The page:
Portuguese as a Minority Language: Attitudes of Undergraduate Students Studying Portuguese Literature

By Reis, Sónia Maria Nunes | Multicultural Education, Winter 2011 | Go to article overview
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Portuguese as a Minority Language: Attitudes of Undergraduate Students Studying Portuguese Literature


Reis, Sónia Maria Nunes, Multicultural Education


Language acquisition cannot be separated from the social arena in which it takes place. (Dörnyei, 2009, p. 227)

Introduction

Second language acquisition theorists have yet to conceptualize an understanding of undergraduate students' attitudes and experiences when studying the two different versions of Portuguese language most often encountered in experimental literature, European Portuguese (EP) and Brazilian Portuguese (BP). The differences between EP and BP raise some interesting issues that are well worth considering through undergraduate university students' perceptions and attitudes.

Instructors of undergraduate courses in Portuguese literature suggest that in terms of curriculum design, curriculum delivery, and attitudes of students these differences can be quite extreme, especially when one compares EP and BP with the Spanish language. Students enrolled in undergraduate Portuguese courses are often taking or have taken Spanish language courses, making possible a comparison between both programs and languages. The purpose of this study is to understand the existing discrepancies in the Portuguese language and the resulting attitudes of students when faced with these differences.

Using data collected with L1 English/ L2 Portuguese students at a Canadian university, this article will show how a strong preference for one variety of the Portuguese language exists when studing the arts but how a different preference emerges when analyzing which language variety is considered more standard by the L2 Portuguese learners.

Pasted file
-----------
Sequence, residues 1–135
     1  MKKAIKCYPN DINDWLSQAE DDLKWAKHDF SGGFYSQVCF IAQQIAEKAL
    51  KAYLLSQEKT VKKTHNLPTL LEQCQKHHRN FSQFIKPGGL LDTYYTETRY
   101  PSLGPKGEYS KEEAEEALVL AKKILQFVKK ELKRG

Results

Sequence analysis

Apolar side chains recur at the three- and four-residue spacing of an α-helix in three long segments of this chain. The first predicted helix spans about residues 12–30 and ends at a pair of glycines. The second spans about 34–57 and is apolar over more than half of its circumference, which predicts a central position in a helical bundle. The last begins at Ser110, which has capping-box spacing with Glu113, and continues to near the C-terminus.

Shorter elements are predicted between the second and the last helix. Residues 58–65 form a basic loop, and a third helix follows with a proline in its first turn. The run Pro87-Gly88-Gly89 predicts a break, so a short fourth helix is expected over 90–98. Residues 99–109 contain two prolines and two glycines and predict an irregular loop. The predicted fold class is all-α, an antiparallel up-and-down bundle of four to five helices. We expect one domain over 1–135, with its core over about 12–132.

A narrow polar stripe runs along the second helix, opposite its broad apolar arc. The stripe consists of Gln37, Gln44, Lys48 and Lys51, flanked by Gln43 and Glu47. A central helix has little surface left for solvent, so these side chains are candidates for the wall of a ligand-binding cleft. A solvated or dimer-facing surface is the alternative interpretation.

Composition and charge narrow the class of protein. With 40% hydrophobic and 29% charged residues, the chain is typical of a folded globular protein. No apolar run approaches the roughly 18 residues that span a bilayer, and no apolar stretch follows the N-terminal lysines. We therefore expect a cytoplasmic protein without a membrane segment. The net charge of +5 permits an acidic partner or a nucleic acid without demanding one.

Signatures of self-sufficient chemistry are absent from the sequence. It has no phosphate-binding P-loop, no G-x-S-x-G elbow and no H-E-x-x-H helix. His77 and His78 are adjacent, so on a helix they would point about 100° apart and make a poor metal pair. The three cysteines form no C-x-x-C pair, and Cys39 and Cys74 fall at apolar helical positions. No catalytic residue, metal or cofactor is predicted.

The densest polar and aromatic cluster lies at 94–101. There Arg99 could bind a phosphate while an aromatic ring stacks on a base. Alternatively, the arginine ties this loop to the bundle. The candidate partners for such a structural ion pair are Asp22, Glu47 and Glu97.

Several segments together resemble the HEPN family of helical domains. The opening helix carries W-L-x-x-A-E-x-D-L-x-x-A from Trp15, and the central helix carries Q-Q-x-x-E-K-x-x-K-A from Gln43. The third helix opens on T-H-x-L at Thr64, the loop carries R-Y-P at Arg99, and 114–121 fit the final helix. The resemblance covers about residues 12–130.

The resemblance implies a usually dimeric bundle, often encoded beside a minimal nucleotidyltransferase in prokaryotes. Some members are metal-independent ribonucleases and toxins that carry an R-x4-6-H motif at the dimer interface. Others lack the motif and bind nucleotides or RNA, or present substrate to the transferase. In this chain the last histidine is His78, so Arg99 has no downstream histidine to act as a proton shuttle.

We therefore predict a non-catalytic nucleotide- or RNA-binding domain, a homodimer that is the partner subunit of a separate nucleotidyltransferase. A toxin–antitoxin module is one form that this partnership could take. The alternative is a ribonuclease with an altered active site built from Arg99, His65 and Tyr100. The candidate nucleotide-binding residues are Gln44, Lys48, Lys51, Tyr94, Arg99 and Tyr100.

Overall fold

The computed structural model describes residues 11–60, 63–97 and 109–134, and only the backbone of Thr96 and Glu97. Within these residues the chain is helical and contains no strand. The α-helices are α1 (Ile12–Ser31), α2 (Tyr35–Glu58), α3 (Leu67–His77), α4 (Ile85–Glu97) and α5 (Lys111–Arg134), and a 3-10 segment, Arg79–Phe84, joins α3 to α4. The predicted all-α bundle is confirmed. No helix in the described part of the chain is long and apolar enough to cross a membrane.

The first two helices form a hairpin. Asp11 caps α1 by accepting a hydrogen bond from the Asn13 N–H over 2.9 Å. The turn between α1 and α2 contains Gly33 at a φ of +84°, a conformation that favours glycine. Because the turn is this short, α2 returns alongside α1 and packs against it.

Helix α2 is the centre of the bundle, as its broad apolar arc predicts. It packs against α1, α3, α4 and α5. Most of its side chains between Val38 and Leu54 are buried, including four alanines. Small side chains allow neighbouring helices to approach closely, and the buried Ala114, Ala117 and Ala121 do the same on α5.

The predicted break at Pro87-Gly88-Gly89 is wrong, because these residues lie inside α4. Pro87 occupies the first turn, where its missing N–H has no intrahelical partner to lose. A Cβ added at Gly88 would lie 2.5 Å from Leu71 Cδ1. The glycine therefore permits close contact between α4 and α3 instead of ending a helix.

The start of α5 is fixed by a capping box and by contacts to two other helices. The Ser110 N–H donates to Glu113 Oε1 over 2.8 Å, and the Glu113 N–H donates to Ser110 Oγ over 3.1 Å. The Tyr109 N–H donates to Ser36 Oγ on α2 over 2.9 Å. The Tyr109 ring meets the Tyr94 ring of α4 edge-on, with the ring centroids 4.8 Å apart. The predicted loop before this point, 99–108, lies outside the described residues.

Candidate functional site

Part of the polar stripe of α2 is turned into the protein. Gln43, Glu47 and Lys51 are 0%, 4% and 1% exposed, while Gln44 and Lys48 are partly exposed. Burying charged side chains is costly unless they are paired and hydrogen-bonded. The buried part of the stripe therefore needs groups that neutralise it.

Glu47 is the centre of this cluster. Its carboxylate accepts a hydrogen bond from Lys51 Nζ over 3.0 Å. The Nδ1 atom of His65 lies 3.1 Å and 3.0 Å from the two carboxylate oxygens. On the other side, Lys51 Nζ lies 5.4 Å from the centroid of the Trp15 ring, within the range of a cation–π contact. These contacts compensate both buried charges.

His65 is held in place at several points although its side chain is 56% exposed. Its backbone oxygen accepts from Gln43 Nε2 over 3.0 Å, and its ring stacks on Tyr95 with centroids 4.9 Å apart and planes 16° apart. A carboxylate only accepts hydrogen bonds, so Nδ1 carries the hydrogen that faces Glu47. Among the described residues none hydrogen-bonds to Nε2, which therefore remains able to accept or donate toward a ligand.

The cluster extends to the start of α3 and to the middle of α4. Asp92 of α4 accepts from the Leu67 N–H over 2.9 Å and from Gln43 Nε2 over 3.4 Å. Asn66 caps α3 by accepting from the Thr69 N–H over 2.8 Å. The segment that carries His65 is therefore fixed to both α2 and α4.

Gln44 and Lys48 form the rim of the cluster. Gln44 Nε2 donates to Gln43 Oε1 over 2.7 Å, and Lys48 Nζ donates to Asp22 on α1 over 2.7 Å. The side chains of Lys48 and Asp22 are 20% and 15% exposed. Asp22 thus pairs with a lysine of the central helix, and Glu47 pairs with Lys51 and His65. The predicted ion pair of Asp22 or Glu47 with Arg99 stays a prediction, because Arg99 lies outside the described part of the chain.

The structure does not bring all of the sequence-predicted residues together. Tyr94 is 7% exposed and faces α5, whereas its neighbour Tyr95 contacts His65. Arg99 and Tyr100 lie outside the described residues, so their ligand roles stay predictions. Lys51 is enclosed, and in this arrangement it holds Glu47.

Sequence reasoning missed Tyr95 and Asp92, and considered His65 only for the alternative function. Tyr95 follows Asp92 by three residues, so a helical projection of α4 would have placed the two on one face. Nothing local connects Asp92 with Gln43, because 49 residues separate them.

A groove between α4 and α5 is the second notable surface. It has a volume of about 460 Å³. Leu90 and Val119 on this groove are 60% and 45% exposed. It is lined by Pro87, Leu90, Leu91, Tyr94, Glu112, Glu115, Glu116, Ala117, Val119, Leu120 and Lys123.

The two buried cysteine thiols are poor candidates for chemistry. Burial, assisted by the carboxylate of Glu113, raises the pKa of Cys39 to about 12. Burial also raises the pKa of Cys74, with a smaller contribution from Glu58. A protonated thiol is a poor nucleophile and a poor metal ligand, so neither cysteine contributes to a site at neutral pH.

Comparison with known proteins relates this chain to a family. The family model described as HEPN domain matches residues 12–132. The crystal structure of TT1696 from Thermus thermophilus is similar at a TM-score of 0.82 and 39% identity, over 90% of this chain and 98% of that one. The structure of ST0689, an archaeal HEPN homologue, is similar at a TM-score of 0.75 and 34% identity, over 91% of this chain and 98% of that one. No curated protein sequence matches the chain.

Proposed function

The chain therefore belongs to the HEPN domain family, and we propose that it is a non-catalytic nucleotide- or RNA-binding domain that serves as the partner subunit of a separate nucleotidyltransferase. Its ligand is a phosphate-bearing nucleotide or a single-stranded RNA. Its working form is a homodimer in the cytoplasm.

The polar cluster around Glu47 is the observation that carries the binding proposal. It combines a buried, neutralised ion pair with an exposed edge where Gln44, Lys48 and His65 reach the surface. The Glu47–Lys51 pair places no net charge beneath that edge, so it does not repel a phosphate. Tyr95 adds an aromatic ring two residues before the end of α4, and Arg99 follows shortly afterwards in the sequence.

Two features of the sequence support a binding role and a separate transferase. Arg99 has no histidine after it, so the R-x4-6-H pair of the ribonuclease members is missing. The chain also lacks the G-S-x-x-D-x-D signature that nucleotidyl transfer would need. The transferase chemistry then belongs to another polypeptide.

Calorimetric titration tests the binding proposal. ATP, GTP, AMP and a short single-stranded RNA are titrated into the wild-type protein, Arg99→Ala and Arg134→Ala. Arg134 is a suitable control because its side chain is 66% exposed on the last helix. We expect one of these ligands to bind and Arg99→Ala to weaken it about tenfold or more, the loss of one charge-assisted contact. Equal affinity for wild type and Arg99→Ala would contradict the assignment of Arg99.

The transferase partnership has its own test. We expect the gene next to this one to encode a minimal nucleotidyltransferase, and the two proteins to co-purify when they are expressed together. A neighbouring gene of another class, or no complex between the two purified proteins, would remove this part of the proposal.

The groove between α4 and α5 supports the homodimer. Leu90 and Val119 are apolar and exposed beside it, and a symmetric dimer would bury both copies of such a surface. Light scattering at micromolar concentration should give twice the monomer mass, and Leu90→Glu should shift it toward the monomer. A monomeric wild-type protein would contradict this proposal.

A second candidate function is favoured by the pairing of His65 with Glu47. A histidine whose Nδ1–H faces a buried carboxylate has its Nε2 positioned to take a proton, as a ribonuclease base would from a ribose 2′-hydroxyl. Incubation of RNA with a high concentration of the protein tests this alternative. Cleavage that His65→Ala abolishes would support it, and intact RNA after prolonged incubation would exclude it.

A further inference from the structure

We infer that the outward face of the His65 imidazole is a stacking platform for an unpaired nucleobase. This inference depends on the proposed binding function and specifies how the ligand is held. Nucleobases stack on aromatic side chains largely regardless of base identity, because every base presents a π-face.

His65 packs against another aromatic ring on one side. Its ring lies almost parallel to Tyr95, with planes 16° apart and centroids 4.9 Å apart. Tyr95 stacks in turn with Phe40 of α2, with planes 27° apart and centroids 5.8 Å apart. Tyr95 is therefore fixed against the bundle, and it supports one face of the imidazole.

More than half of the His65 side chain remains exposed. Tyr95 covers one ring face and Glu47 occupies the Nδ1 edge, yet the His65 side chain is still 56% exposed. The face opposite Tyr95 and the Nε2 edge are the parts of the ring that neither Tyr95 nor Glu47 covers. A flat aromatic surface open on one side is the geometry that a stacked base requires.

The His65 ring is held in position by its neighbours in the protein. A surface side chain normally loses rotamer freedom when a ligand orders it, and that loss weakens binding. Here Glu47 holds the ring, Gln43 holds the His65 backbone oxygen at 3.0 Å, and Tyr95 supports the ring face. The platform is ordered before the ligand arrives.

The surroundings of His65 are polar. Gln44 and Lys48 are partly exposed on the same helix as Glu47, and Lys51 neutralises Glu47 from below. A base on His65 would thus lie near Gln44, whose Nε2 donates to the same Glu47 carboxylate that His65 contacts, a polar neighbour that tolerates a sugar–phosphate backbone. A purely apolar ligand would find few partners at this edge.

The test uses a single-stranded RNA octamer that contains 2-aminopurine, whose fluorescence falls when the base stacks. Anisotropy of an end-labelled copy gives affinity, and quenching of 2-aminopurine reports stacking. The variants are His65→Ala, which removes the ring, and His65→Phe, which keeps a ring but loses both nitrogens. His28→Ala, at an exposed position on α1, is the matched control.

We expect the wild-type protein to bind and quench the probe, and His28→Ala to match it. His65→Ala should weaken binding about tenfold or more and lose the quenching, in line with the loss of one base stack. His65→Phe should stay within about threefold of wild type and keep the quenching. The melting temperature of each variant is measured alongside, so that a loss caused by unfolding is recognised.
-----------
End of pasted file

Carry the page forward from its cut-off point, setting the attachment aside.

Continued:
It is important to note that L1 refers to a student's mother tongue and L2 is the second language that a student acquires. Herein all references to L2 are to the Portuguese language course being taught at the university level.

The primary research question for this study was:

* What are the attitudes and course experiences found among L2 Portuguese undergraduate students with respect to EP versus BP?

Background: Foreign Language Acquisition

Gardner and Lambert (1972) suggest that it is around the age of 10 that second language learners are most receptive and display a friendlier attitude towards foreign language acquisition, whereas learning an L2 and the culture associated with that L2 language later in life is more difficult because the L2 learner tends to link cultural and linguistic differences with the norm that the student is used to in his or her own L1. Moreover, it has also been argued in experimental literature that the attitudes, motivation, and classroom experiences of an L2 learner will result in the student's success or failure in a foreign language course. Thus the learner's attitudes cannot be separated from what goes on in the classroom.

Most of the students registered in L2 Portuguese undergraduate university courses in Canada are of Portuguese descent. They are often heritage language speakers who spoke only Portuguese at home with their grandparents and parents until they started school at the age of four. They therefore arrive in undergraduate university courses with preconceived notions of the way the target language is written or spoken-that is either EP or BP-as well as the cultural aspects associated to each of these two varieties of Portuguese.

Most of the students who chose such courses select them as an elective. Some students who enroll want to catch up on the Portuguese language missed over the years while others arrive in a first year Portuguese course for an easy credit. Contrary to what Gardner and Lambert (1972) suggest is the ideal age to start learning a second language, the participants in this study are much older and arrive in L2 Portuguese university courses with stronger attitudes and expectations about which variety of Portuguese they should learn in an undergraduate Portuguese university course. For instance, when referring to EP and BP, some students have argued that one version is a language and the other a dialect.

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